25 April 2012

"End of the state GOP as we know it" in Minnesota

The Republican party in Minnesota has gone through a variety of crises recently, including a sex scandal and some financial misadventures, but I thought this was interesting:
Yet it's the third punch that has many within the strong national defense party wondering if there is any chance for MNGOP to survive the upcoming election in November. In a stealthy, below-the-radar maneuver, most of MNGOP has been taken over by the Ron Paul movement.

It appears that most selected delegates to the Republican National Convention in Tampa this summer will cast their votes for Ron Paul and not the presumptive nominee Mitt Romney. At my Second Congressional District convention on April 21, Paul supporters openly bragged that they had 45 to 50 percent of the state convention delegates and that they would capture the remaining 17 at-large delegates to add to the 20 they already have...

When asked whether they would support Mitt Romney if he wins the nomination, many Paul supporters said no, unless he selects U.S. Sen. Rand Paul of Kentucky, Ron Paul's son, as his vice presidential running mate.

That more than anything has the establishment MNGOP in a dither. Rightly or wrongly, they see many of the young, undisciplined and politically naïve Ron Paul movement members as anti-Semitic, anti-immigrant, anti-national defense and pro-legalization of drugs...

I don't have a crystal ball to see how all this will end. But from where I'm sitting it does not look good for MNGOP, which won the state House and Senate in 2010 and whose lawmakers are all up for re-election. The DFL smells blood in the water and sees an opportunity to regain both legislative chambers. We are very possibly witnessing the death of MNGOP as we know it. If so, it will have died from within, not from outside causes.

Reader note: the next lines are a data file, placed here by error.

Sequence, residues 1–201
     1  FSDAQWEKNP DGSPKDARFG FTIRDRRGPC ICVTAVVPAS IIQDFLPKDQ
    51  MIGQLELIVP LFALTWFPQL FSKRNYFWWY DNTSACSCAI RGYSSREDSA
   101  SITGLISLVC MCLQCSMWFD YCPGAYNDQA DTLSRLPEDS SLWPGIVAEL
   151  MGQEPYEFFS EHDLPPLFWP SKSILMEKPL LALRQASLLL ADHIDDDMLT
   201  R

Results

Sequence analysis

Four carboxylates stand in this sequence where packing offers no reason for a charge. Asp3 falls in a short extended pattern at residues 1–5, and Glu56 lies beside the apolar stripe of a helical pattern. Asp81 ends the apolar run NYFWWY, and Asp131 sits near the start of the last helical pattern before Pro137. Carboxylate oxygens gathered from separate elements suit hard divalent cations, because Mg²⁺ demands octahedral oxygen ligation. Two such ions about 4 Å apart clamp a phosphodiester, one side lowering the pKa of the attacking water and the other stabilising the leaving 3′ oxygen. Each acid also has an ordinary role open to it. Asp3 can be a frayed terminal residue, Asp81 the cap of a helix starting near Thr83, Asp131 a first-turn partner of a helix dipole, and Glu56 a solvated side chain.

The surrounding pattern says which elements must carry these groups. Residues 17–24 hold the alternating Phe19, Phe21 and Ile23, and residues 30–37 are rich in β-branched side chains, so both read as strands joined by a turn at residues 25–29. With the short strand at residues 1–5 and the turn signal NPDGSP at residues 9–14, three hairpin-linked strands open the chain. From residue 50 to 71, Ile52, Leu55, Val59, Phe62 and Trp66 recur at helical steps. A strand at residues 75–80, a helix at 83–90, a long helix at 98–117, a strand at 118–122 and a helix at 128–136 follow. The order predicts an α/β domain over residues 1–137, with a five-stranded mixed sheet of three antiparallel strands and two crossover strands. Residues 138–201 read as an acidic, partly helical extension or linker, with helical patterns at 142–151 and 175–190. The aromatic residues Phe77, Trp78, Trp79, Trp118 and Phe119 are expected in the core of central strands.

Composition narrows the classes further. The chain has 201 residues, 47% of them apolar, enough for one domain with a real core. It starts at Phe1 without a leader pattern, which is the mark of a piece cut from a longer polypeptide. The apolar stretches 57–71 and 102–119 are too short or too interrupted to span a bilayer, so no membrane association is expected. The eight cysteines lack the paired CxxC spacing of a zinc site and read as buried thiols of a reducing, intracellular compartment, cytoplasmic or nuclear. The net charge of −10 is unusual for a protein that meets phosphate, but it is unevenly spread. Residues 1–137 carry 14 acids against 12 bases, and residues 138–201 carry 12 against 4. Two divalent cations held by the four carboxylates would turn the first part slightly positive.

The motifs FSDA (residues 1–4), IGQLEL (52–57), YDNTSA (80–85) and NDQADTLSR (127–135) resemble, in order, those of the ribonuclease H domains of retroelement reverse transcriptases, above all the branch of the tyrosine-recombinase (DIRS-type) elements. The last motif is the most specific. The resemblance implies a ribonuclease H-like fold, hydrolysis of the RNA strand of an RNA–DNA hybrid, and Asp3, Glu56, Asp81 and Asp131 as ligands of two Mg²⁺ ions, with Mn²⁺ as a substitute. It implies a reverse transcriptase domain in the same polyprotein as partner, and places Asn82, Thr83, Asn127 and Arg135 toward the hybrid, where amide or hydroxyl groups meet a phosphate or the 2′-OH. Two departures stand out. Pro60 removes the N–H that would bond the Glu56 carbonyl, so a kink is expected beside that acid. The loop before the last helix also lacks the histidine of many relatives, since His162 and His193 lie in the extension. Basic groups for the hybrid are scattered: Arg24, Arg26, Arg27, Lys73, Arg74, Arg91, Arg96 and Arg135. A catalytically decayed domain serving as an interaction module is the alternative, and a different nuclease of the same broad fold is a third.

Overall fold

Some additional details in the op-ed piece at the StarTribune.  Two nights ago, Rachel Maddow discussed this development and noted that Ron Paul may now be the delegate winner in Iowa as well.  I'm not a Ron Paul supporter, but these developments do have some national implications.


  1. This was just published in the Seattle Times this AM. King County is the most populous county in Washington State (Seattle is in KC).


  2. Very interesting. Thank you, Jared.

  3. Is Ron Paul going to be this year's Ross Perot?

  4. Ron Paul is either mis-represented or ignored. He is a man of integrity, conviction and honesty - dirty words to his corrupt enemies. Of course he's getting on a bit - a fatal flaw in these shallow, image-conscious times.

  5. The GOP has come to a significant crossroads; they will either open the tent and shift towards libertarian ideas and away from neoconservatism, or they will fully collapse and cease to be relevant for a decade or more.

    I suspect that the now entrenched neocons will continue to go for "conservative" purity, and we will see an unchecked progressivism in control for years, until libertarians, independents, and disaffected Democrats form a new fiscally conservative, socially tolerant party. In the meantime it's going to be really, really rough.

  6. GOP is scared of Ron Paul. The DFL should be. What were seeing is people knowing that the two party system is the problem and the need for new folks with new ideas are needed. Ron Paul and his supporters I hope are the tip of the ice berg that will sink the ship of what is called the two party system but is in reality only one.

  7. "I'm not a Ron Paul supporter"

    But you used to be, correct?


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